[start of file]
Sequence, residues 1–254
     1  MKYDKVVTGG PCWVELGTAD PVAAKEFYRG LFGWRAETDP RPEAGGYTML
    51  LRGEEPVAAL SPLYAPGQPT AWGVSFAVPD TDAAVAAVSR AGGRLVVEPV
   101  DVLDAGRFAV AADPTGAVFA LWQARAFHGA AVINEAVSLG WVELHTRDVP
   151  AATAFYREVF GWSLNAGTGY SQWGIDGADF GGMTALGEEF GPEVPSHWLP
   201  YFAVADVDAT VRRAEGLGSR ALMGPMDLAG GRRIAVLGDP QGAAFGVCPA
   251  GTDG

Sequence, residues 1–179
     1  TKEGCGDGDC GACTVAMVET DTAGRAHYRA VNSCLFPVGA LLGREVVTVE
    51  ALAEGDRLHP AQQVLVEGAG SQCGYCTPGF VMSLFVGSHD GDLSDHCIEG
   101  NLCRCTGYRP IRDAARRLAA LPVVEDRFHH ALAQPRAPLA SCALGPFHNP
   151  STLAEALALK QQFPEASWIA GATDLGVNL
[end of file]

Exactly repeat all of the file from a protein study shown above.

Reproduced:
Sequence, residues 1–254
     1  MKYDKVVTGG PCWVELGTAD PVAAKEFYRG LFGWRAETDP RPEAGGYTML
    51  LRGEEPVAAL SPLYAPGQPT AWGVSFAVPD TDAAVAAVSR AGGRLVVEPV
   101  DVLDAGRFAV AADPTGAVFA LWQARAFHGA AVINEAVSLG WVELHTRDVP
   151  AATAFYREVF GWSLNAGTGY SQWGIDGADF GGMTALGEEF GPEVPSHWLP
   201  YFAVADVDAT VRRAEGLGSR ALMGPMDLAG GRRIAVLGDP QGAAFGVCPA
   251  GTDG

Sequence, residues 1–179
     1  TKEGCGDGDC GACTVAMVET DTAGRAHYRA VNSCLFPVGA LLGREVVTVE
    51  ALAEGDRLHP AQQVLVEGAG SQCGYCTPGF VMSLFVGSHD GDLSDHCIEG
   101  NLCRCTGYRP IRDAARRLAA LPVVEDRFHH ALAQPRAPLA SCALGPFHNP
   151  STLAEALALK QQFPEASWIA GATDLGVNL